Similarly, teachers may well not like teaching a class or a topic for “accidental” reasons. For example, they have to teach a class in a particular room which is cramped, or too hot/cold etc., and this makes them feel an aversion for the class which they feel is “accidental”. I think it’s interesting to note in my own case that this means my feelings of sadness are not so strong as they might have been if I had blamed the students themselves for my feelings.

I found as my career progressed, I developed an aversion for Parents’ Evenings, something which I had not felt at the beginning of my career. I think this was for a number of reasons. I think Parents’ Evenings had become much more “high stakes” affairs, with parents much more likely to blame the teacher if their child was doing badly. I also felt aversion because these Parents’ Evenings were at the end of a long day of teaching, and I wanted to go home, but would have to talk to parents for three hours or so, before the long trek home.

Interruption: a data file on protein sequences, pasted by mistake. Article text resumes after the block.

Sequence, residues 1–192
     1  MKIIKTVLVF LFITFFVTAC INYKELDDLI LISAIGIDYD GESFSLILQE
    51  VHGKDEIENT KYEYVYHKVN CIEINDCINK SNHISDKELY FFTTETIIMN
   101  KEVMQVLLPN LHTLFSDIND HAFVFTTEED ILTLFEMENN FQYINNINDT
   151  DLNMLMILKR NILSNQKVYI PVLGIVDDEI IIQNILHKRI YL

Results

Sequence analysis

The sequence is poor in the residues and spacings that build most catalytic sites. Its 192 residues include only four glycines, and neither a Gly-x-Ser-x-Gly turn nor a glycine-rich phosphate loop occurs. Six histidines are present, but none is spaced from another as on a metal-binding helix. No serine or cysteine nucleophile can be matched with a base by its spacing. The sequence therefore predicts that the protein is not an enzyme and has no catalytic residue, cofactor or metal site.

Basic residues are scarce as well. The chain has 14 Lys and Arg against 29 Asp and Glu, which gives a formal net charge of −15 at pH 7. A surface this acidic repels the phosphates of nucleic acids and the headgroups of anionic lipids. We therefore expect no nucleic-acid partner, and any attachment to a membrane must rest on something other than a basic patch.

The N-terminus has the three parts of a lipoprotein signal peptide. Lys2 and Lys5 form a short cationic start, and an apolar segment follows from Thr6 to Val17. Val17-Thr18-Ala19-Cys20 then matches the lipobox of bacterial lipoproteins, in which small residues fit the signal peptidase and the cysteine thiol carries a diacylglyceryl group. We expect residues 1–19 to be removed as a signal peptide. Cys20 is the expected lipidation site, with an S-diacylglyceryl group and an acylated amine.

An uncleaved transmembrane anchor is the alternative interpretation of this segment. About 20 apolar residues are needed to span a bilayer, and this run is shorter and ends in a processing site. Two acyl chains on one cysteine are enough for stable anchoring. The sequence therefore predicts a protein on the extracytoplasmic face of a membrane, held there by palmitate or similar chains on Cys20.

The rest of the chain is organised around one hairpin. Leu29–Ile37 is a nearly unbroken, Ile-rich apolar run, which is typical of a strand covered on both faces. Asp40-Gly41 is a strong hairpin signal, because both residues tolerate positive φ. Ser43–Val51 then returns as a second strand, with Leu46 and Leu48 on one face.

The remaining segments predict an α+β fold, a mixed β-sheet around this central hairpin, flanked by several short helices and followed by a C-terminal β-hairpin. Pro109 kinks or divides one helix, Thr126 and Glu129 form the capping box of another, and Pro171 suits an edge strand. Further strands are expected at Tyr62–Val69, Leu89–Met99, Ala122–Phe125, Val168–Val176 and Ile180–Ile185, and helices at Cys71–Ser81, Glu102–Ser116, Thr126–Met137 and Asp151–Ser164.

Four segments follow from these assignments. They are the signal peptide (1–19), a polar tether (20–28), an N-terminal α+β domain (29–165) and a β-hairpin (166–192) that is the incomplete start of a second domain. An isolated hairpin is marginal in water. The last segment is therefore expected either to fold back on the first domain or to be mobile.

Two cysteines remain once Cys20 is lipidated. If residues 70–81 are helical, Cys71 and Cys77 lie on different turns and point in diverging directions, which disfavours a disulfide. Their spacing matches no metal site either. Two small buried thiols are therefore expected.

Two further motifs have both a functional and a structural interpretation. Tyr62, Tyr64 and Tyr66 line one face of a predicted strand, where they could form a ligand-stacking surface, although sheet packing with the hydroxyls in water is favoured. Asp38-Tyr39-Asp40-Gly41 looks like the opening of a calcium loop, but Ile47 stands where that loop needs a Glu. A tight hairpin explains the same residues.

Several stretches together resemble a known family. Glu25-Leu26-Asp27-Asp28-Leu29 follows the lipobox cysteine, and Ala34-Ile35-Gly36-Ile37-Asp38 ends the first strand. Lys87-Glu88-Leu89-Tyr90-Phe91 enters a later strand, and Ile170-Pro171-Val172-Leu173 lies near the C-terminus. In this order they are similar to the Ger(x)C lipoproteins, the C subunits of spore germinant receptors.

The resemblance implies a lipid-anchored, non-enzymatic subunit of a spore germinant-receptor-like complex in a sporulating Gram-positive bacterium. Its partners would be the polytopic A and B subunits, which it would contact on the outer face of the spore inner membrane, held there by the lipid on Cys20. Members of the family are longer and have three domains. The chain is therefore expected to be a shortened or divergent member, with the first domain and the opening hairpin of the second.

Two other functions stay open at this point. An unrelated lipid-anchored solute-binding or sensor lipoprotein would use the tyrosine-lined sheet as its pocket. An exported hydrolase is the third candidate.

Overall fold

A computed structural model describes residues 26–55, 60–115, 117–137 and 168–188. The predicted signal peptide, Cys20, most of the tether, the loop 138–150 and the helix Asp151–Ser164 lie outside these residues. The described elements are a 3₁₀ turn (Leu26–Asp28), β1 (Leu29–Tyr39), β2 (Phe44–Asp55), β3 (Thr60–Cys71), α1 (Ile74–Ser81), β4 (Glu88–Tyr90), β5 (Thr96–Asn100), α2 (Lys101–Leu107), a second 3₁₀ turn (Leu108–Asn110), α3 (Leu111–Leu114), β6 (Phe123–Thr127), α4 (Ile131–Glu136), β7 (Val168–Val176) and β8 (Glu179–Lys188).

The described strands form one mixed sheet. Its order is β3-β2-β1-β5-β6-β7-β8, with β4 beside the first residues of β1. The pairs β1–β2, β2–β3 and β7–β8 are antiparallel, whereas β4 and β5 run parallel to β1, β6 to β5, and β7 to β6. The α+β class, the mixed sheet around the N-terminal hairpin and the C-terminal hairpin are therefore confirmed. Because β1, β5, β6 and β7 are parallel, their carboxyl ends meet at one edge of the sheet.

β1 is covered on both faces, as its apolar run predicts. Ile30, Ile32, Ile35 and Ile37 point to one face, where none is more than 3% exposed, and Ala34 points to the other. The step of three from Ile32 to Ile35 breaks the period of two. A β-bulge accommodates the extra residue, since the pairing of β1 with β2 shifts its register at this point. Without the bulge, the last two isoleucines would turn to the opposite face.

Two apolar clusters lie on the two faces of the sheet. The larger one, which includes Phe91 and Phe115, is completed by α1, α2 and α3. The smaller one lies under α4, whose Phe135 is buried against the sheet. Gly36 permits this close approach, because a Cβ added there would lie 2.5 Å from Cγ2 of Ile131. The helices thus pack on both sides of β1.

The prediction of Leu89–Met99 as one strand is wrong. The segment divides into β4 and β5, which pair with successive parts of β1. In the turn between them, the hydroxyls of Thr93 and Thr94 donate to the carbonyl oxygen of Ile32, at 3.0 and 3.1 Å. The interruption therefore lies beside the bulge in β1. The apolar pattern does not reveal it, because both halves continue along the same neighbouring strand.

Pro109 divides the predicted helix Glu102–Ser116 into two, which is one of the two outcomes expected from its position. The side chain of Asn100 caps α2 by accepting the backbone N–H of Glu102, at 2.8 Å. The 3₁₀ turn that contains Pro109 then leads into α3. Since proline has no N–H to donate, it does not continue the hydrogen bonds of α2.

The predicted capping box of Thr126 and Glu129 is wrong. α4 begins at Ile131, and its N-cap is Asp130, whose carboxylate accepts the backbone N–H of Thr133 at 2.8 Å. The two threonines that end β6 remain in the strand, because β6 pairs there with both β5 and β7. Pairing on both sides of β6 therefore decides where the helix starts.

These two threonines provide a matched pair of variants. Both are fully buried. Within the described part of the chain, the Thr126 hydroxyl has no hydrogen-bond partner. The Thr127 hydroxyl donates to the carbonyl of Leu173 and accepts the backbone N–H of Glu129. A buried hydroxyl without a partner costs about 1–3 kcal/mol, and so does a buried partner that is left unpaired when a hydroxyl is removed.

Journey into Joy

When have you felt that you’ve been forced to learn random facts/terms/topics? What things do you feel an aversion towards?

Humility

Humility is a sadness born of the fact that a man consider his own lack of power, or weakness. (pp. 108, D. XXVI)

The “affect” of humility is very different from having an adequate idea of what “humility” is. Schools are constantly  casting its actors in roles which necessitate the affect of humility. The student has to feel humility much of the time because he/she knows that he/she has very little power; he/she has to attend school, and has little choice about what he/she learns. These power structures bred the affect of humility.

It’s strange as a teacher that I have felt the affect of humility many times. This is particularly the case when dealing with senior managers: headteachers, deputy heads, heads of department etc.. They have made me aware of my own lack of power: I have to follow their guidance, their advice whatever I might think of them. Instead of getting angry, I have found that the affect of humility has furthered my career with these people of worldly power; it’s conveyed in the way you accept what your superior says to you, the sincere nod of the head, the diligent way you follow their orders, the way you pay attention.

Journey into Joy

When have you felt humility in your life? What sorts of people have produced the affect of humility in you?